За честные выборы! (For fair elections!) was the scene Saturday in cities all across Russia. Protesters swelled the streets of cities like Moscow, St Petersburg, and as far away as Vladivostok wearing giant white balloons shaped as condoms. Many had posters of Vladimir Putin smiling while wearing a white condom on his lapel.
One of the most creative displays was a Moscow scene in which large white helium filled balloons carried a giant poster of Mr. Putin up in the air and then as he was blown away with the wind, the crowd waved goodbye to the Prime Minister. This strong reaction came after last week’s nationwide call-in show in which Mr. Putin sarcastically commented that he thought the white ribbons that protesters wore in demonstrations against his government and the early December Duma elections were white condoms as a show of support for HIV victims.
Braving freezing temperatures, thousands of Russians jammed Moscow’s Sakharov Avenue (проспект Сахаров) yesterday to demand free elections and an end to Prime Minister Vladimir Putin’s 12-year rule. Experts say it is the largest sign of public outrage since the protests 20 years ago that help bring down the Soviet Union.
We believe that several serious challenges now sit at the Putin/Medvedev doorstep:
1- The protests are organized and growing. Although promoted in the social media since on-air television and radio signals are largely controlled by government, the face of the protesters is changing. Today’s protests drew a wide variety of ages, from young software engineers in St Petersburg to angry but determined seniors in Volgograd to upwardly mobile folk in Moscow to truck drivers in Vladivostok. It is too late to try and isolate the protesters into a single demographic group.
2- Unlike in earlier protests immediately following the Duma elections, the opposition groups are cooperating with each other. That they are cooperating and mixing well despite the release last week of pirated telephone conversations by several opposition leaders commenting on each other, is a set-back for the government’s political spin-masters.
How many attended? The government claims about 30,000 and the opposition says 100,000. Many observers say that this event was bigger and appeared to be better organized than the protest on December 10. However live reports from government controlled Russia Today TV played down the attendance numbers but after the event RT adopted the higher figure of 50,000 in televised and wire updates.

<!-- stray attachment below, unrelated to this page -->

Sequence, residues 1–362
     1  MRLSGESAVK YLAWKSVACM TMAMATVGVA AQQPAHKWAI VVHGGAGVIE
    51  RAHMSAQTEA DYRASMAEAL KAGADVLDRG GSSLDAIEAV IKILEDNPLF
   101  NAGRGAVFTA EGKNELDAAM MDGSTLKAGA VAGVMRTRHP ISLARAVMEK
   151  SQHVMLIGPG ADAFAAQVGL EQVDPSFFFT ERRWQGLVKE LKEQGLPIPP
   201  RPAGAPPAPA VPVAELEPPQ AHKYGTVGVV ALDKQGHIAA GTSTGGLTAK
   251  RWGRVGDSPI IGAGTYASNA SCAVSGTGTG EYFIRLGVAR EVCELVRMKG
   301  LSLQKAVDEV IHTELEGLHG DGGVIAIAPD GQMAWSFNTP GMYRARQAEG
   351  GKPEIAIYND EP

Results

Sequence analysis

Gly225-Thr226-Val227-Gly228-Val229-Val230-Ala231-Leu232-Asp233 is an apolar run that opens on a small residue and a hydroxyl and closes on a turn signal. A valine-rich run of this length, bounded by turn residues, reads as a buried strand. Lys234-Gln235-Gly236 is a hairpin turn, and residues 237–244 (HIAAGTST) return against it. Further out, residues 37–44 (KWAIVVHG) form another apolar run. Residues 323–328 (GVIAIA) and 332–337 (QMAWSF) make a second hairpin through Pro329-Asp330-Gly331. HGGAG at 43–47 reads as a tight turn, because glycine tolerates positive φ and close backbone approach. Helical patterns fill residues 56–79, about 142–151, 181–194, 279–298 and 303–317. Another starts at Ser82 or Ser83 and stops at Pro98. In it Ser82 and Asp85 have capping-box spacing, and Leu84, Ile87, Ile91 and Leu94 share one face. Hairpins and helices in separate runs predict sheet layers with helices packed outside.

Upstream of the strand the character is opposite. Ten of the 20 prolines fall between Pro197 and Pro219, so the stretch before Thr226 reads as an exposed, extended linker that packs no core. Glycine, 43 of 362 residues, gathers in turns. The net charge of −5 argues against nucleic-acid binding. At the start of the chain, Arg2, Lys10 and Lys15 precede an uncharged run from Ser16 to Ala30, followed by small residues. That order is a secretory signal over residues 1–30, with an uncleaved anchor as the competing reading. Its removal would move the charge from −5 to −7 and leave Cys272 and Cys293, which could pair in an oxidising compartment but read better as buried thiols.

Popular blogger Alexei Navalny, a corruption-fighting lawyer and public activist, took to the stage and delighted the crowd as they chanted “We are the power!” Navalny is credited with coining the phrase about ruling party United Russia being “the party of crooks and thieves.” Navalny had been arrested and reportedly roughed up by police for the unsanctioned protest on 5 December. He spent 15 days in jail for that charge.
Russian writer Boris Akunin whose personal blog was hacked early last week asked the crowd if they wanted Putin to return for a third term as president? The crowd shouted back, Nyet! (No!)
Other speakers included Alexi Kudrin, the former Finance Minister for the Russian Federation who was recently fired by President Medvedev. PM Putin called Kudrin “a friend” in Putin’s recent national call-in show but today Kudrin labeled the elections as flawed and called for snap elections.
When it came to reaction to the Kremlin’s recent proposed reforms as outlined in Thursday’s Federal Assembly speech by President Medvedev, opposition leader Boris Nemtsov told the crowd that, “We don’t want him.” Nemtsov went on to say that “A thief must not sit in the Kremlin.”
Even former Soviet Union leader Mikhail Gorbachev got in the act during an afternoon interview on Moscow Echo radio. Gorbachev who is now 80, told the audience that Putin should step down after already serving two terms as president and another as prime minister. Gorbachev advised Putin that stepping down now would solidify the positive things he has accomplished instead of wearing out his welcome with the Russian people.
Recently announced presidential candidate Mikhail Prokhorov may have given his supporters more confidence today. Although he didn’t speak on stage, Prokhorov attended the rally and told members of the press that if elected his first official action would be to dissolve the contested parliament and immediately call for new elections.
Former world chess champion Garry Kasparov flew in from New York to address the crowd. Kasparov said that the government is afraid and “They are huddled up in fear behind police cordons.”
Police were present in large numbers but the crowd was well managed and few confrontations between protesters and police could be seen. As the rally concluded in darkness there was a flare-up between nationalist youth who support Prime Minister Putin and some of the protesters.
Organizers of Saturday’s protest say their goal is a rerun of the parliamentary vote and to prevent fraud in the coming presidential election in March 2012.